Blue Flower

Ecole Normale Supérieure de Lyon
15 parvis René Descartes
BP 7000 69342 Lyon Cedex 07
+33 (0) 4 37 37 60 00


Université de Lyon
92, rue Pasteur
69361 LYON cedex 07

UMR IHRIM (5317)
Institut d’Histoire des Représentations et des Idées dans les Modernités
Ecole Normale Supérieure de Lyon
15 parvis René Descartes

BP 7000 69342 Lyon Cedex 07



Université Nice Sophia Antipolis

98, bd Edouard Herriot
BP 3209 - 06 204 Nice Cedex 3



Vanessa GuigneryThis email address is being protected from spambots. You need JavaScript enabled to view it.

Christian Gutleben, This email address is being protected from spambots. You need JavaScript enabled to view it.


Vanessa Guignery is Professor of English and Postcolonial Literature at the École Normale Supérieure in Lyon and a former member of the Institut Universitaire de France. She is the author of several books and essays on the work of Julian Barnes, including The Fiction of Julian Barnes (Palgrave Macmillan, 2006), and Conversations with Julian Barnes (Mississippi Press, 2009), co-edited with Ryan Roberts. She has published articles on various British and postcolonial contemporary authors, as well as a monograph on B.S. Johnson, Ceci n'est pas une fiction. Les romans vrais de B.S. Johnson (Sorbonne UP, 2009), Seeing and Being: Ben Okri’s The Famished Road (Presses Universitaires de France, 2012) and Jonathan Coe (Palgrave Macmillan, 2015). She edited several collections of essays on contemporary British and post-colonial literature (Janet Frame, Ben Okri, Alice Munro, among others), a special issue of the Journal of American, British and Canadian Studies on Julian Barnes (Sibiu, 2009) and a special issue of Callaloo on Ben Okri (Fall 2015), and co-edited with Marc Porée a special issue of Etudes anglaises on the British Contemporary Novel (April-June 2015). Her collection of interviews with eight contemporary writers, Novelists in the New Millenium, was published by Palgrave Macmillan in 2013. Together with Christian Gutleben, she edited Traversée d'une oeuvre: Crossing the River de Caryl Phillips (Cycnos 32.1 - 2016).


Christian Gutleben is Professor at the University of Nice Sophia Antipolis, where he teaches nineteenth-, twentieth- and twenty-first-century British literature and where he directs the journal Cycnos. His research focuses on the links between the Victorian and the postmodernist forms of art, and he is the author of one of the earliest critical surveys of neo-Victorian literature, Nostalgic Postmodernism: The Victorian Tradition and the Contemporary British Novel (Rodopi, 2001, reedited 2013). He has also published books on the English campus novel and Graham Greene, as well as numerous articles on postmodernism in British literature, and is co-editor (with Marie-Luise Kohlke) of Rodopi’s Neo-Victorian Series, including Neo-Victorian Tropes of Trauma: The Politics of Bearing After-Witness to Nineteenth-Century Suffering (Rodopi, 2010), Neo-Victorian Families: Gender, Sexual and Cultural Politics (Rodopi, 2011), Neo-Victorian Gothic: Horror, Violence and Degeneration in the Re-Imagined Nineteenth Century (Rodopi, 2012), Neo-Victorian Cities: Reassessing Urban Politics and Poetics (Rodopi/Brill 2015) and Neo-Victorian Humour: Comic Subversions and Unlaughter in Contemporary Historical Re-Visions (Rodopi, 2017). The last volume of the Series (Neo-Victorian Biofiction) will be published in 2018.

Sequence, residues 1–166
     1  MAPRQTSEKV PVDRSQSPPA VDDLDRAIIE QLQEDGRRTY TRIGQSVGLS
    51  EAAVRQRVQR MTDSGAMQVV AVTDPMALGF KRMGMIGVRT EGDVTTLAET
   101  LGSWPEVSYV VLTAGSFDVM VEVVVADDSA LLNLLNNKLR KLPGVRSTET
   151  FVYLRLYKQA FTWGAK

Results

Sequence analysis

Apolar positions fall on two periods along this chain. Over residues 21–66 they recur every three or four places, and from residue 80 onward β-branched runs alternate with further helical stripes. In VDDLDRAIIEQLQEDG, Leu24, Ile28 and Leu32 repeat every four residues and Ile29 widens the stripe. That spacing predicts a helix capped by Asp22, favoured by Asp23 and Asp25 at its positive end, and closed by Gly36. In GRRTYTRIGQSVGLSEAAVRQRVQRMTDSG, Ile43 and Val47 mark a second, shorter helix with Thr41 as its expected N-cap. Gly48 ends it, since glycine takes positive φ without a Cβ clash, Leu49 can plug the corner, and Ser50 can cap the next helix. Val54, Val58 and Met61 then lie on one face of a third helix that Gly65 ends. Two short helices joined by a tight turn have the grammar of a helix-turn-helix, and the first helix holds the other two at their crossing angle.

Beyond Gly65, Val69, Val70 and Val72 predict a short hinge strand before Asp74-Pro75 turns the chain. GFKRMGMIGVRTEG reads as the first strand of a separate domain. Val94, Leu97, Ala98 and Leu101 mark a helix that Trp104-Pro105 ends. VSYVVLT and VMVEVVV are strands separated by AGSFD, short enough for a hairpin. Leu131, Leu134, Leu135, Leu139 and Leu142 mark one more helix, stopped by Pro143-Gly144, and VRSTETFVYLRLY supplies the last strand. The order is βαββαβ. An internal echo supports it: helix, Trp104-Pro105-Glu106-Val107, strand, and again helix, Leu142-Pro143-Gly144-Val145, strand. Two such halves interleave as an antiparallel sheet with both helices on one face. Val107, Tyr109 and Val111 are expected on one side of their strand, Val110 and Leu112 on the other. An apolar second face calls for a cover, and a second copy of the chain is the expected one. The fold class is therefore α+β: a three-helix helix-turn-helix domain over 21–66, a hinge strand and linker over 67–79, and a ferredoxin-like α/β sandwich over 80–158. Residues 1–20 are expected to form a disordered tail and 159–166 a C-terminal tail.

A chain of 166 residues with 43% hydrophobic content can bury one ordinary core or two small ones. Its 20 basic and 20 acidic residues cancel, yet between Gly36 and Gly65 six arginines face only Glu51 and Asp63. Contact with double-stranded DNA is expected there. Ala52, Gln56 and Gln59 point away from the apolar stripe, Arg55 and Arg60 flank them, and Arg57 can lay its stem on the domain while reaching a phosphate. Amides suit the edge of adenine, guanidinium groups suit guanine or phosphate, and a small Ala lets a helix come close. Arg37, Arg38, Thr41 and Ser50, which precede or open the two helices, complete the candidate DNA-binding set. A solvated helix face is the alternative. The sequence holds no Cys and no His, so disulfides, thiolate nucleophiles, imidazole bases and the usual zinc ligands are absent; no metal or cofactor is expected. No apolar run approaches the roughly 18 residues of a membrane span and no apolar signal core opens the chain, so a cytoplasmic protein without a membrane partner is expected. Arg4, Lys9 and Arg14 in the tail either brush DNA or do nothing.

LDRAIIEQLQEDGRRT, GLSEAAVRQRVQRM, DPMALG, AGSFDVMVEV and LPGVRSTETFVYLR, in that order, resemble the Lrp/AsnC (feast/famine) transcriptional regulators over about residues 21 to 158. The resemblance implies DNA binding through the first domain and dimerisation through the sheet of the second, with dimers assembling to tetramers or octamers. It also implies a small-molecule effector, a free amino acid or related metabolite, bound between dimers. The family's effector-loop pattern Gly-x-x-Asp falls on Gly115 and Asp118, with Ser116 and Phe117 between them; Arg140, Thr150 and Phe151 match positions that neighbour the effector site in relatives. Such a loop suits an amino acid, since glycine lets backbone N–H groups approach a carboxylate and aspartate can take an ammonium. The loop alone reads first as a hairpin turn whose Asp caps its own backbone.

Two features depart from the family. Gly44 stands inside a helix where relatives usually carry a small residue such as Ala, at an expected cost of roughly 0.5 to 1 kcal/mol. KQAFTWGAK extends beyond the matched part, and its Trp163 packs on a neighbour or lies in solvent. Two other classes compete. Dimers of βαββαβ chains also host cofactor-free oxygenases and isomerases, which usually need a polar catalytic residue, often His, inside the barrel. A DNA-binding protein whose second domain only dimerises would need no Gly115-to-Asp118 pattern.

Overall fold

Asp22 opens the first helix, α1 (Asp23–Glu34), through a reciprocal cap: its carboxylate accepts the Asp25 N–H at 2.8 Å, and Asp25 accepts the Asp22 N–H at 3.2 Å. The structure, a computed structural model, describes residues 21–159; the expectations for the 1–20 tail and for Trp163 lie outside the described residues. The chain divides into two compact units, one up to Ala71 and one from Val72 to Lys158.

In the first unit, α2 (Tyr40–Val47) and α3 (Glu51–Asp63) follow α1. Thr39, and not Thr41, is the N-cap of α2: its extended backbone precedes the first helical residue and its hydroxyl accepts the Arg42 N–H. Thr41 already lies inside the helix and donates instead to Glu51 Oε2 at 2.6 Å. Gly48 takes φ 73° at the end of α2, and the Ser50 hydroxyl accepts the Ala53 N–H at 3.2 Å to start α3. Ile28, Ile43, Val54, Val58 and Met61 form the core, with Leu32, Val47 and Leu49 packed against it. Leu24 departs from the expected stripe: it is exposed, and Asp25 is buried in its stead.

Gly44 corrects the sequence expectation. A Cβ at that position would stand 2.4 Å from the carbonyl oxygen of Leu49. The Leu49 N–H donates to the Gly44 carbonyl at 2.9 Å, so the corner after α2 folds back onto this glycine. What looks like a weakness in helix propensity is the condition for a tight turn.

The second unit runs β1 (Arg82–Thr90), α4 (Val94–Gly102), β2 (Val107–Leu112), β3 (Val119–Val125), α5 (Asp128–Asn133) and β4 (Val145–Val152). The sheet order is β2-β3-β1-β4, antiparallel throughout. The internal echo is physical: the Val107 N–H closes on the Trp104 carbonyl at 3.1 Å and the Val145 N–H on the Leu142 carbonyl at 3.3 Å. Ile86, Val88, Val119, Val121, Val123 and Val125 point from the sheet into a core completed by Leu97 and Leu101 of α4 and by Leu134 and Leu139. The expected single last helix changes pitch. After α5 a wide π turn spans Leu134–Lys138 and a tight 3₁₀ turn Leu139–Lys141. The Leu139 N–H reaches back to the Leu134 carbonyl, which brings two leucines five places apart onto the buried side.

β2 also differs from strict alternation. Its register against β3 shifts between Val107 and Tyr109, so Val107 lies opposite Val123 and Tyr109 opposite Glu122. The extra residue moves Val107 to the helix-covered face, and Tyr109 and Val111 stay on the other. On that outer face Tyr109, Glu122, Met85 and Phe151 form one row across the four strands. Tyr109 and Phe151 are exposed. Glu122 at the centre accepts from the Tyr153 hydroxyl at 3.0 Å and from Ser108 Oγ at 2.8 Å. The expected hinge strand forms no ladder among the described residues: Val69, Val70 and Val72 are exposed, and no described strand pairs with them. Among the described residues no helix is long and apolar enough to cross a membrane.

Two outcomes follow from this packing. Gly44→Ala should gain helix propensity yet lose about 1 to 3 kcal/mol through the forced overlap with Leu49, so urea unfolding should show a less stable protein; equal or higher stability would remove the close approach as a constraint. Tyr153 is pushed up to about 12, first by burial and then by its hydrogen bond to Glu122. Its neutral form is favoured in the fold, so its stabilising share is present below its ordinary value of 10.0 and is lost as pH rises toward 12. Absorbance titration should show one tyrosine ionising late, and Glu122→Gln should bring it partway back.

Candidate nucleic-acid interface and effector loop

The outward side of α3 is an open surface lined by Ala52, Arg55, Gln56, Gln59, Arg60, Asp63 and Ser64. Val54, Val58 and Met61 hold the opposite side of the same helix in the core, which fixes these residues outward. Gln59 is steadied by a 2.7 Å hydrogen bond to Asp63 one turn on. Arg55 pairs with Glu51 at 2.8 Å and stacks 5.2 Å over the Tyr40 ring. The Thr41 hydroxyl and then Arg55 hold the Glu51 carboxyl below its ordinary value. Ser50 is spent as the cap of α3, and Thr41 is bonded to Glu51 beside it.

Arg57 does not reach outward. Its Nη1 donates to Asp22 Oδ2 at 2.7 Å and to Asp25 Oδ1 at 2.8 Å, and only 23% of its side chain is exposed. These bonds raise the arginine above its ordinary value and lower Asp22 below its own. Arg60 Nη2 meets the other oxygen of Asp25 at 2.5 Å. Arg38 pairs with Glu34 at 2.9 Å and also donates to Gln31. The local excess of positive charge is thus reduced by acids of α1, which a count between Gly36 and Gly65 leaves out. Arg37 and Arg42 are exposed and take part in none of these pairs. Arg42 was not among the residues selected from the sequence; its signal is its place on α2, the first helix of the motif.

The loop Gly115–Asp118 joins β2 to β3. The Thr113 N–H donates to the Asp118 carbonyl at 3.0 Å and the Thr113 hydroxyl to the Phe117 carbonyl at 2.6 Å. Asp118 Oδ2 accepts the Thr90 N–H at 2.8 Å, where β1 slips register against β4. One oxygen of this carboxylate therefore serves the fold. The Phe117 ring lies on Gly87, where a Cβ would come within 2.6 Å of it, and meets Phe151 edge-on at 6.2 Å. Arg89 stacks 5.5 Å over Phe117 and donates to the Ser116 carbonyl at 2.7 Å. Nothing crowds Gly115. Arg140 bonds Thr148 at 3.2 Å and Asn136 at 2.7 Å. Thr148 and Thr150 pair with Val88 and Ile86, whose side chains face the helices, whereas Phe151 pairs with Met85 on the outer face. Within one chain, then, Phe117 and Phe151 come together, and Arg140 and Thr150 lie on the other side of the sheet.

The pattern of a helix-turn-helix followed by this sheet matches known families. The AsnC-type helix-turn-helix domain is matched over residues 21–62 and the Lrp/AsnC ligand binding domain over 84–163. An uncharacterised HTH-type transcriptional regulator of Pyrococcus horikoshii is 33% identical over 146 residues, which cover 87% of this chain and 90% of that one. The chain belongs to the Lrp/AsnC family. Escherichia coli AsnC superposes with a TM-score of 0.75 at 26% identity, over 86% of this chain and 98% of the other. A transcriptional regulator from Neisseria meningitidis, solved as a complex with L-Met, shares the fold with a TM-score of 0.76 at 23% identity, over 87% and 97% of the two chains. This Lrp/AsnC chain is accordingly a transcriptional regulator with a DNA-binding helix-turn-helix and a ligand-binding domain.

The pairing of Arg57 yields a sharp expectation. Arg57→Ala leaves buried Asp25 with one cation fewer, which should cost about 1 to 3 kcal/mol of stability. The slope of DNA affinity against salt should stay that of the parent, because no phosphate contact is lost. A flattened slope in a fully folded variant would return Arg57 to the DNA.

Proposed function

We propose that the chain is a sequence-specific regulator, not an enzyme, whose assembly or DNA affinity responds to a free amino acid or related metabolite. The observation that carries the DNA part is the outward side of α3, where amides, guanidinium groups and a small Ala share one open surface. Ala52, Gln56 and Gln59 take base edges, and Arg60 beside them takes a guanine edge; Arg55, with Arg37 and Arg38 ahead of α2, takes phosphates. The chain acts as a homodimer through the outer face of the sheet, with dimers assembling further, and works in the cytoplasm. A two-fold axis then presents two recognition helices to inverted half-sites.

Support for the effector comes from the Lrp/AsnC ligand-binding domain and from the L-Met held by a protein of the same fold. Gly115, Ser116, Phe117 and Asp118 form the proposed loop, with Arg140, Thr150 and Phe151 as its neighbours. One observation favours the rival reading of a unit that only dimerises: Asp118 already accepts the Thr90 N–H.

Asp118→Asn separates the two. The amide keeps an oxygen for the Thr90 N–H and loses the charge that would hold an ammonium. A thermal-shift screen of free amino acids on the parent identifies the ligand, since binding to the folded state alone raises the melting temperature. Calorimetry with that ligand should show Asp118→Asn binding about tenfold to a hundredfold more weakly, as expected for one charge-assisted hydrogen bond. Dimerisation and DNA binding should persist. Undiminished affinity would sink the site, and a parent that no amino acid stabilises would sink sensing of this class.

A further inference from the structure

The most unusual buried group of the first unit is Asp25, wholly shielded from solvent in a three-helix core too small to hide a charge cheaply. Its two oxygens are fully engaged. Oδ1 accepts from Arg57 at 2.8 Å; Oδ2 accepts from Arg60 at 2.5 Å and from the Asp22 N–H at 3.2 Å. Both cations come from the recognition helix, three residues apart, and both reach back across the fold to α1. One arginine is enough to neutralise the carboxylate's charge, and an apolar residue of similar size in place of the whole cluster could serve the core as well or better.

Nadine Gordimer, Jump and Other Stories:

“the alternate lives I invent”

International Conference

ENS de Lyon

4-5 October 2018


Deadline for proposals: 30 June 2018


Keynote speakers:

Professor Rita Barnard, University of Pennsylvania
Stephen Clingman, University of Massachusetts, Amherst


This international conference seeks to offer new perspectives on Nadine Gordimer’s collection of short stories Jump and Other Stories, published in 1991, the year Nadine Gordimer was awarded the Nobel Prize for Literature. Contributors are invited to adopt a variety of approaches that will illuminate the main themes, narrative strategies, literary traditions, modes of writing, generic traits, structural principles and any other component of the collection. We encourage contributors to take into account the whole collection rather than individual stories. Proposals may focus on, but are not restricted to, the following topics:

  • home and homecoming
  • politics and poetics
  • post-apartheid literature
  • specificity of the genre of the short story
  • violence
  • polyphony / multivocality
  • silence and the unsaid
  • Nadine Gordimer as an “interpreter of South Africa” (Clingman)
  • self-reflexivity
  • fragmentation vs unity
  • vulnerability
  • the local and the global
  • the ex-centric
  • the private and the public
  • animality
  • horror and irony

All papers will be delivered in English. They will be peer-reviewed for publication in the scholarly journal CYCNOS, a publication of the Laboratoire Interdisciplinaire Récits Cultures Et Sociétés of the University of Nice Sophia Antipolis.

Contributors are invited to send a title and an abstract in English (300 words) along with a short biography (200 words) to Vanessa Guignery (This email address is being protected from spambots. You need JavaScript enabled to view it.) and Christian Gutleben (This email address is being protected from spambots. You need JavaScript enabled to view it.) by 30 June 2018.

Vanessa Guignery, ENS de Lyon
Christian Gutleben, University of Nice Sophia Antipolis